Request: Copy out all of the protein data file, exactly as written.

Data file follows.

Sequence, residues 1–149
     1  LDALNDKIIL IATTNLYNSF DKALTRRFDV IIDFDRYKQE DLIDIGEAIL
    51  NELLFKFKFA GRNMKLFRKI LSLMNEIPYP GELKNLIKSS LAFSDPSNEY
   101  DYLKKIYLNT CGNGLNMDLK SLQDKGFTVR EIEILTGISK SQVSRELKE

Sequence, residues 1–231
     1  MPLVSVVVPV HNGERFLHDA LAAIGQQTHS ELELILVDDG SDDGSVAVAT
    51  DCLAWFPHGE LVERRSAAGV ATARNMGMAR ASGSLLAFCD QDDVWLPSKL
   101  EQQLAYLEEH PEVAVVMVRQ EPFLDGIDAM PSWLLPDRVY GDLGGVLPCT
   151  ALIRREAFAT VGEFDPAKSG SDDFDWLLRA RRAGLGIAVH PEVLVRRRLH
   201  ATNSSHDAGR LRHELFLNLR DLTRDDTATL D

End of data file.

Sequence, residues 1–149
     1  LDALNDKIIL IATTNLYNSF DKALTRRFDV IIDFDRYKQE DLIDIGEAIL
    51  NELLFKFKFA GRNMKLFRKI LSLMNEIPYP GELKNLIKSS LAFSDPSNEY
   101  DYLKKIYLNT CGNGLNMDLK SLQDKGFTVR EIEILTGISK SQVSRELKE

Sequence, residues 1–231
     1  MPLVSVVVPV HNGERFLHDA LAAIGQQTHS ELELILVDDG SDDGSVAVAT
    51  DCLAWFPHGE LVERRSAAGV ATARNMGMAR ASGSLLAFCD QDDVWLPSKL
   101  EQQLAYLEEH PEVAVVMVRQ EPFLDGIDAM PSWLLPDRVY GDLGGVLPCT
   151  ALIRREAFAT VGEFDPAKSG SDDFDWLLRA RRAGLGIAVH PEVLVRRRLH
   201  ATNSSHDAGR LRHELFLNLR DLTRDDTATL D